|July 14th, 2017|
|airisk, giving [amp]|
Before our conversation he looked some at Concrete Problems in AI Safety (pdf) and Deep Reinforcement Learning from Human Preferences (pdf). His view on both was that they were good work from the perspective of advancing ML but very unlikely to be relevant to making AGI safer: the systems that get us to AGI will look very different from the ones we have now.
One reason is that he saw a lot of learning from humans as being mediated by learning utility functions, but he sees utility functions as a very limited model. Economists and others use utility functions when talking about people because thatâs mathematically tractable, but itâs a bad description of how humans actually behave. Trying to come up with utility functions that best explain human preferences or behavior probably solves some problems nicely and is helpful, but while Bryce wouldnât completely rule it out he thought it was very unlikely to get us to AGI.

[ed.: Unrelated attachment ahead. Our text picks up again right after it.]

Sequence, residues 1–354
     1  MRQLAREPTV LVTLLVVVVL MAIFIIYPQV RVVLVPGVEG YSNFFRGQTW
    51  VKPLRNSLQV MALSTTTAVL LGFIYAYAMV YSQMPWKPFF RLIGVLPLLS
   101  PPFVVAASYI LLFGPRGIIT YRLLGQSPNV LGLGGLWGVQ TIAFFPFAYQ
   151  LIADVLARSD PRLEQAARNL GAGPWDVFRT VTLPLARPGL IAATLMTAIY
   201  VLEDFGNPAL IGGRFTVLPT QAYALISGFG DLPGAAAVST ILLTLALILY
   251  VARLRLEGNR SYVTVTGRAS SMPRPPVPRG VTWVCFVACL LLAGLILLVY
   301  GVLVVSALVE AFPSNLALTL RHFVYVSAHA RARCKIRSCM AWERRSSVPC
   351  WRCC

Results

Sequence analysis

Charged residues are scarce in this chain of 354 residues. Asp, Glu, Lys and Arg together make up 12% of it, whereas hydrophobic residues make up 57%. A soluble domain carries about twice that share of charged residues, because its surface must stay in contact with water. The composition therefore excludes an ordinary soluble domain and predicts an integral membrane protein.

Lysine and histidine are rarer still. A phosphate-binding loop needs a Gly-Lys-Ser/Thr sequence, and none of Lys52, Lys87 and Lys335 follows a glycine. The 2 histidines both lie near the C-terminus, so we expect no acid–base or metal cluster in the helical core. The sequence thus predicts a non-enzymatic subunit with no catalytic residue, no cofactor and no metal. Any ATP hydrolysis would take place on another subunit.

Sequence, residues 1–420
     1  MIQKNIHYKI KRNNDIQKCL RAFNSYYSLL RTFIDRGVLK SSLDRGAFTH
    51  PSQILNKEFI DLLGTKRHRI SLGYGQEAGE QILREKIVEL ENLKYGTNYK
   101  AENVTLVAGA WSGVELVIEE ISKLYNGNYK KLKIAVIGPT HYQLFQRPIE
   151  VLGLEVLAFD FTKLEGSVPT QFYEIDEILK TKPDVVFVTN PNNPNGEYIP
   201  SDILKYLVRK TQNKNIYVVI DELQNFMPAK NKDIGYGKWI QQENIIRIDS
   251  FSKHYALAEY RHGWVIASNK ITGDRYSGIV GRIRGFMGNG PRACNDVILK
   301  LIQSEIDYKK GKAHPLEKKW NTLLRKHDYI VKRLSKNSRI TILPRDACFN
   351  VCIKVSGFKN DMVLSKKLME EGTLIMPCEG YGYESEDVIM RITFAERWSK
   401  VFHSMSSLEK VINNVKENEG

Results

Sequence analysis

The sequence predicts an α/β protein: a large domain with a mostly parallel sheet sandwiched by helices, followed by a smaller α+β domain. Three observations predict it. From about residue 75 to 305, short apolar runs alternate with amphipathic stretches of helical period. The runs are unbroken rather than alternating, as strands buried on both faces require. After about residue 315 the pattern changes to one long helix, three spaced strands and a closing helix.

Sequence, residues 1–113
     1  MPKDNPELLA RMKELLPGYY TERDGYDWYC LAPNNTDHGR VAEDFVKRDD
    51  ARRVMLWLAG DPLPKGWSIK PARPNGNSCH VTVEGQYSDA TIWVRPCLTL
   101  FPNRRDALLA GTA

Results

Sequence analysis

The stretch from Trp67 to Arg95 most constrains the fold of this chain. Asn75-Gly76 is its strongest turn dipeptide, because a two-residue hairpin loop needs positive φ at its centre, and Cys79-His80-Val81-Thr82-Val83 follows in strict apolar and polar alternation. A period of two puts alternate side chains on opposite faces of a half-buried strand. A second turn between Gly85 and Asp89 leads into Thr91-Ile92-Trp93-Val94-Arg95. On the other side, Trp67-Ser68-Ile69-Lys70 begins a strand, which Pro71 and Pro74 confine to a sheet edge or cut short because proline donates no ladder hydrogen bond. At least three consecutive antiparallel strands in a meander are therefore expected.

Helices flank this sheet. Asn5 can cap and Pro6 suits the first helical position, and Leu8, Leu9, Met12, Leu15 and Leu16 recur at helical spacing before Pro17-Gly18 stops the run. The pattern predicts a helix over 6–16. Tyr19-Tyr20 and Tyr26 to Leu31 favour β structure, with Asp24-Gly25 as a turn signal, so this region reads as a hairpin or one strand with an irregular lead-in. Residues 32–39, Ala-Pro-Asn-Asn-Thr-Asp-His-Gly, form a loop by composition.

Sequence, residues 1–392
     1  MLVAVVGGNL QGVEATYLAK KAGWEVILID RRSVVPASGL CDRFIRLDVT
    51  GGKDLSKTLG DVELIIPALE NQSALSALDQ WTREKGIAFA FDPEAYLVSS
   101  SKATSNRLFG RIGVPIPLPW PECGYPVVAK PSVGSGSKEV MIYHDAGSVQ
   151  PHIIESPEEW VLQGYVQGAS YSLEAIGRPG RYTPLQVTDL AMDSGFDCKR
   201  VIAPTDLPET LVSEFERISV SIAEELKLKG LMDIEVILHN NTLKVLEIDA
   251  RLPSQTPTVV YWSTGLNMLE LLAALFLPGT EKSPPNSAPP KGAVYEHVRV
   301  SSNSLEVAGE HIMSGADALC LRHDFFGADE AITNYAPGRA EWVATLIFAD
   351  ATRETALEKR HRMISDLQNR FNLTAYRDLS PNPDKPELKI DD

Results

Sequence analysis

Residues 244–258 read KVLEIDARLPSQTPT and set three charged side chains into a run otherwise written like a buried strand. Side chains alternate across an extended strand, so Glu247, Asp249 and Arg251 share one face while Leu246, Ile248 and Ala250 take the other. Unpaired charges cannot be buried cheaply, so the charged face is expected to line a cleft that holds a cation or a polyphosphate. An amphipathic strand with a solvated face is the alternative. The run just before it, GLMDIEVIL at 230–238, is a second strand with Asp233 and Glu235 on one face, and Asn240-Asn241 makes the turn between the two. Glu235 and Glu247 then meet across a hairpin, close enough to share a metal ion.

We tried to get more into why he thinks implementations for AGI will look vastly different from what we will have today, and couldnât make progress there. Bryce thinks there are deep questions about what intelligence really is that we donât understand yet, and that as we make progress on those questions weâll develop very different sorts of ML systems. If something like todayâs deep learning is still a part of what we eventually end up with, itâs more likely to be something that solves specific problems than as a critical component.
(This has been a common theme in my discussions with people recently: very different intuitions on the distance to AGI in terms of technical work required, and also on whether work weâre doing today is likely to transfer.)